Research Reveals Genetic Links to Postpartum Depression

Any woman who has given birth knows the emotional upheaval that often follows this life-changing experience. For some women, however, this emotional roller coaster isn't a brief experience, but one that develops into postpartum depression. Researchers estimate that somewhere between 10 and 20% of women experience postpartum depression in the first six months after the birth of their child. When you think about it, this is a very significant number of women. In addition to the suffering of these women, depression can also be very detrimental to the formation of attachment between mother and infant. This can set up an unfortunate, and even, unhealthy, dynamic between parent and child that can take years to repair.

This is why I was so interested to read about a new line of research showing the possibility of a blood test that could indicate which women might be at-risk for developing postpartum depression. Researchers at the University of Warwick have been able to identify certain gene variations that seem to put women at risk for developing postpartum depression. This gene variation affects the functioning of aspects of the hypothalamus, the part of the brain that is partially responsible for the release of hormones into the body. Women with this particular gene variation are more susceptible to the environmental stresssors (i.e., childbirth and its related stresses) which often prompt the development of postpartum depression. Much more research is needed to clarify how these processes work, but the researchers are hopeful that they might be able to develop a blood test to determine which women are at-risk for postpartum depression.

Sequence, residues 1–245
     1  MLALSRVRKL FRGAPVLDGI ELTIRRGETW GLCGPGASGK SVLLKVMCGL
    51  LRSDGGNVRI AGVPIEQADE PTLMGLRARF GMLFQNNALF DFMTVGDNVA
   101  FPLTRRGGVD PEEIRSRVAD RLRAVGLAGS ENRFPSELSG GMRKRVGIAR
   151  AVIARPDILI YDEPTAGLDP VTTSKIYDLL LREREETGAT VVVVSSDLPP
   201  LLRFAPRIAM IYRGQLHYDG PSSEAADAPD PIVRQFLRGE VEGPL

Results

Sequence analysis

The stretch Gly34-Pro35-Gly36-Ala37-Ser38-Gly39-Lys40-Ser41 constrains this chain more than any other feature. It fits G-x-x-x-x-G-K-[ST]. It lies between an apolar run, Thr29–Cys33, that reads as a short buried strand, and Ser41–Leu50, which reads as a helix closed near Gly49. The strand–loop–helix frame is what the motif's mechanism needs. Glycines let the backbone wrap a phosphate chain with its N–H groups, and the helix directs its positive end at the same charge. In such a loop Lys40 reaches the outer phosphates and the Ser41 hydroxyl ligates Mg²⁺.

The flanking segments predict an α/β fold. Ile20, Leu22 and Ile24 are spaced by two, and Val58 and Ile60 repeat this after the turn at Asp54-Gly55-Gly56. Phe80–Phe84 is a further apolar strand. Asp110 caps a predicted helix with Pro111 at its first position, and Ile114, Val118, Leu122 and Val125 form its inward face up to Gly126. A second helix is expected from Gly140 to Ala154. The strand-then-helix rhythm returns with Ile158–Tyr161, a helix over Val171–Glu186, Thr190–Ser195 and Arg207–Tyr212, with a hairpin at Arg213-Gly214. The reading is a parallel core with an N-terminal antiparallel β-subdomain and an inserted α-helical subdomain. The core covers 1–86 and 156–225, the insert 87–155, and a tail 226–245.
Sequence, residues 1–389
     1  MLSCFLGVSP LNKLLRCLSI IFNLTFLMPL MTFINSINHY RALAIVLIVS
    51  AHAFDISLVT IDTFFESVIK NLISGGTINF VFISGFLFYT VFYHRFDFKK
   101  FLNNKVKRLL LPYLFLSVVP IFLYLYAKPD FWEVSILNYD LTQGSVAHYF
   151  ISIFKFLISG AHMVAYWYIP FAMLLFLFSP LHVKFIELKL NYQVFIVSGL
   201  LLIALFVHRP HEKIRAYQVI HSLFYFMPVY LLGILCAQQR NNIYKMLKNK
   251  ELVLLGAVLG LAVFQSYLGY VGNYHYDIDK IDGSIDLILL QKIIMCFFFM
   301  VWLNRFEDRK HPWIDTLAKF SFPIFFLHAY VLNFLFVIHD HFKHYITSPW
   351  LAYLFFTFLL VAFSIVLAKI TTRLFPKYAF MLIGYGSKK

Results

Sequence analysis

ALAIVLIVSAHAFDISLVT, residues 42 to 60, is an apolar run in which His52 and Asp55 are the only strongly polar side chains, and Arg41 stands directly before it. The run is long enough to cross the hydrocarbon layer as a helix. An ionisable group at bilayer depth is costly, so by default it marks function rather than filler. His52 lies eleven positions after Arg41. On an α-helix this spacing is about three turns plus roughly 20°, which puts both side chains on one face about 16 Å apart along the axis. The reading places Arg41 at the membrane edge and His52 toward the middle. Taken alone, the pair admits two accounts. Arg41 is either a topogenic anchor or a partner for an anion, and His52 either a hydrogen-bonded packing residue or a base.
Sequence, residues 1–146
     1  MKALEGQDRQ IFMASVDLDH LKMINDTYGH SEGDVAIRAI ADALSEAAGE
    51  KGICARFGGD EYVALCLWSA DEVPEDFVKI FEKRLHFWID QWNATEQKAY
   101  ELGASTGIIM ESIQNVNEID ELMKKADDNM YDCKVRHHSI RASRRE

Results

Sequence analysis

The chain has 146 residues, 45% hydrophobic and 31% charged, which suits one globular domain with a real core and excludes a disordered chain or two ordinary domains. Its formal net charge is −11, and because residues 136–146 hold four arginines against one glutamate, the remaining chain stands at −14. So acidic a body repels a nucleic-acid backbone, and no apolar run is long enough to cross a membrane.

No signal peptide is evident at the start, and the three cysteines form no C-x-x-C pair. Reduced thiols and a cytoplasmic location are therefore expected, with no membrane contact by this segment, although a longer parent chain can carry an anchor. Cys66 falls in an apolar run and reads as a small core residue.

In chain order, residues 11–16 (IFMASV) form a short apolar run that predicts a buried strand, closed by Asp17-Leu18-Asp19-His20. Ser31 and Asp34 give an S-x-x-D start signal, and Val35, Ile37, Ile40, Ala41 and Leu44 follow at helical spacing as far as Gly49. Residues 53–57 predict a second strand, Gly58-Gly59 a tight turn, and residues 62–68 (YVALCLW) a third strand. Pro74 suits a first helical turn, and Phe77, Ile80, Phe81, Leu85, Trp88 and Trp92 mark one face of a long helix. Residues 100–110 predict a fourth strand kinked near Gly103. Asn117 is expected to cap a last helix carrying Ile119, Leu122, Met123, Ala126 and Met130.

If such a blood test were developed, this could be extremely helpful in making sure mothers receive quick and effective treatment for postpartum depression. The sooner mothers receive treatment, the sooner their suffering can be relieved and they will be more able to establish a strong, loving attachment with their baby. Mothers and babies all over the world could benefit greatly from this. I will keep an eye on this research and share any new developments with my readers.

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